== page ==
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34.  To implement the proposed amendments to recurrent ground training content for pilots, the FAA proposes revisions to § 121.427(b), that separate the recurrent ground training requirements by training population. Additionally, the FAA proposes to remove from § 121.427(b), the reference to § 121.805 because of the requirement in § 121.415(a)(3) to complete § 121.805 training.

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35.  14 CFR 110.2 definition of commuter operation.

Commuter operation means any scheduled operation conducted by any person operating one of the following types of aircraft with a frequency of operations of at least five round trips per week on at least one route between two or more points according to the published flight schedules:

(1) Airplanes, other than turbojet-powered airplanes, having a maximum passenger-seat configuration of 9 seats or less, excluding each crewmember seat, and a maximum payload capacity of 7,500 pounds or less; or

(2) Rotorcraft.

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36.  See § 135.3(c).

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37.  See § 91.1063(b).

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38.  RIN 2120-AF29

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39.  RIN 2120-AH07

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40.  Section 121.401(c) states, Each instructor, supervisor, or check airman who is responsible for a particular ground training subject, segment of flight training, course of training, flight check, or competence check under this part shall certify as to the proficiency and knowledge of the crewmember, aircraft dispatcher, flight instructor, or check airman concerned upon completion of that training or check. That certification shall be made a part of the crewmember's or dispatcher's record. When the certification required by this paragraph is made by an entry in a computerized recordkeeping system, the certifying instructor, supervisor, or check airman must be identified with that entry. However, the signature of the certifying instructor, supervisor, or check airman is not required for computerized entries.

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41.  For example, a pilot may seek type rating training from a part 142 training center. Part 142 airplane type rating training courses are based on the Airline Transport Pilot and Aircraft Type Rating Practical Test Standards for Airplane (FAA-S-8081-5, current edition) (ATP PTS) which includes the PIC-only tasks and maneuvers in appendix E. Although not specifically required by part 142 regulations, all part 142 airplane type rating courses include these tasks and maneuvers since their training courses are based on the ATP PTS.

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42.  See FAA Order 8900.1, Volume 3, Chapter 19, Section 1.

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43.  Transition training applies to a pilot who has previously qualified and served in the same duty position on another airplane of the same group. See §§ 121.400(c)(2) and 121.433(a)(1).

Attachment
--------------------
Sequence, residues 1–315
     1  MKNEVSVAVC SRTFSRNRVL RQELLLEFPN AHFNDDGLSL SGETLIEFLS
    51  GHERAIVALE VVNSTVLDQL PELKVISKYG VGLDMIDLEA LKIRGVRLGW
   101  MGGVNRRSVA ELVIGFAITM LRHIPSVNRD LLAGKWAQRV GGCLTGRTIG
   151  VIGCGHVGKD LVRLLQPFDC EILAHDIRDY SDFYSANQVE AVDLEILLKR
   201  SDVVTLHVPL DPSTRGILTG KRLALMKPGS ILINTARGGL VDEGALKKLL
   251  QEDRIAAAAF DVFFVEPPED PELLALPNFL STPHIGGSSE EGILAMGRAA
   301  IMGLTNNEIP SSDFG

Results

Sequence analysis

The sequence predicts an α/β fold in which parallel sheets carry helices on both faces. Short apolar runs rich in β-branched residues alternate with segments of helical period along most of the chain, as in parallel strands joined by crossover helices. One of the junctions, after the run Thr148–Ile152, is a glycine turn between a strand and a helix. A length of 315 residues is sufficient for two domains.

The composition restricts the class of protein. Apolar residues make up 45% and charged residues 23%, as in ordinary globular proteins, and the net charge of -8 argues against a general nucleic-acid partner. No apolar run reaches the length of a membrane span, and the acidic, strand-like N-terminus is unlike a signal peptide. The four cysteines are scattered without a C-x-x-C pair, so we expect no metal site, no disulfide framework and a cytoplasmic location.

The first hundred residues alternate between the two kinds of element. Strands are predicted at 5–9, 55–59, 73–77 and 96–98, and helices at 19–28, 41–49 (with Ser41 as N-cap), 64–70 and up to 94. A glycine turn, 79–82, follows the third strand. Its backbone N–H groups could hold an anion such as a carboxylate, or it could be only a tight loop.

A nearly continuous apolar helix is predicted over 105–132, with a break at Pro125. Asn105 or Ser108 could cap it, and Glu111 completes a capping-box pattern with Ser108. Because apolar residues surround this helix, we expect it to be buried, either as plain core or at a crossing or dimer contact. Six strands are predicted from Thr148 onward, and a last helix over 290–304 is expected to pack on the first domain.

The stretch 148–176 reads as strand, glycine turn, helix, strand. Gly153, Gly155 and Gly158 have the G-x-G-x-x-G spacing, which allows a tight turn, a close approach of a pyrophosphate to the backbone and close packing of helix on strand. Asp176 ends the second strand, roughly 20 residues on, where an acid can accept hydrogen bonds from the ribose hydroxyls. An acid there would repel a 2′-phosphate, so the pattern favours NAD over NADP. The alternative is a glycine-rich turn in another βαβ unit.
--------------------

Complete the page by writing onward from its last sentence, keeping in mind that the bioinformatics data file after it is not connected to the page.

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44.  For the purpose of subpart N, airplanes are divided into two groups. Group I includes propeller driven airplanes and group II includes turbojet powered airplanes. See § 121.400.

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45.  The FAA notes that unlike initial and recurrent ground training, part 121 does not provide a minimum number of programmed hours for the transition ground training requirements.

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46.  If authorized by the Administrator, part 91K operators and part 135 operators may voluntarily comply with the training program requirements in subparts N and O of part 121 instead of the training program requirements of part 91K or part 135. Given that part 121 compliance is voluntary for part 91K and part 135 operators (other than those 3 commuter operators) and the number of pilots who voluntarily train under part 121 subparts N and O is not known, this pilot segment is not included in this analysis.

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47.  Office of Management and Budget, OMB Circular No. A-4, New Guidelines for the Conduct of Regulatory Analysis, Mar. 2, 2004.

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48.  Of these carriers, six use an Advanced Qualification Program (AQP) and therefore incur additional costs associated with a one-time revision to their Qualification Standards Document. For further details see the Paperwork Reduction Act section of this document.

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50.  Training instructor hourly wage rate of $31 multiplied by 1.42 to account for costs of employer provided benefits. Wage based on 2013 Bureau of Labor Statistics (BLS) Occupational Employment Statistics for Air Transportation Industry. (http://www.bls.gov/​oes/​current/​naics4_​481100.htm): Training and Development Specialists (13-1151). Wage multiplier from BLS, Employer costs for Employee compensation—June 2013, Table 5, Private Industry. (http://www.bls.gov/​news.release/​pdf/​ecec.pdf)

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51.  The clerk hourly wage rate of $18 multiplied by 1.42 to account for costs of employer provided benefits. Wage based on 2013 BLS Occupational Employment Statistics for Air Transportation Industry. (http://www.bls.gov/​oes/​current/​naics4_​481100.htm): Information and Record Clerks (43-4000). Wage multiplier from BLS, Employer costs for Employee compensation—June 2013, Table 5, Private Industry. (http://www.bls.gov/​news.release/​pdf/​ecec.pdf)

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[FR Doc. 2016-23961 Filed 10-6-16; 8:45 am]

BILLING CODE 4910-13-P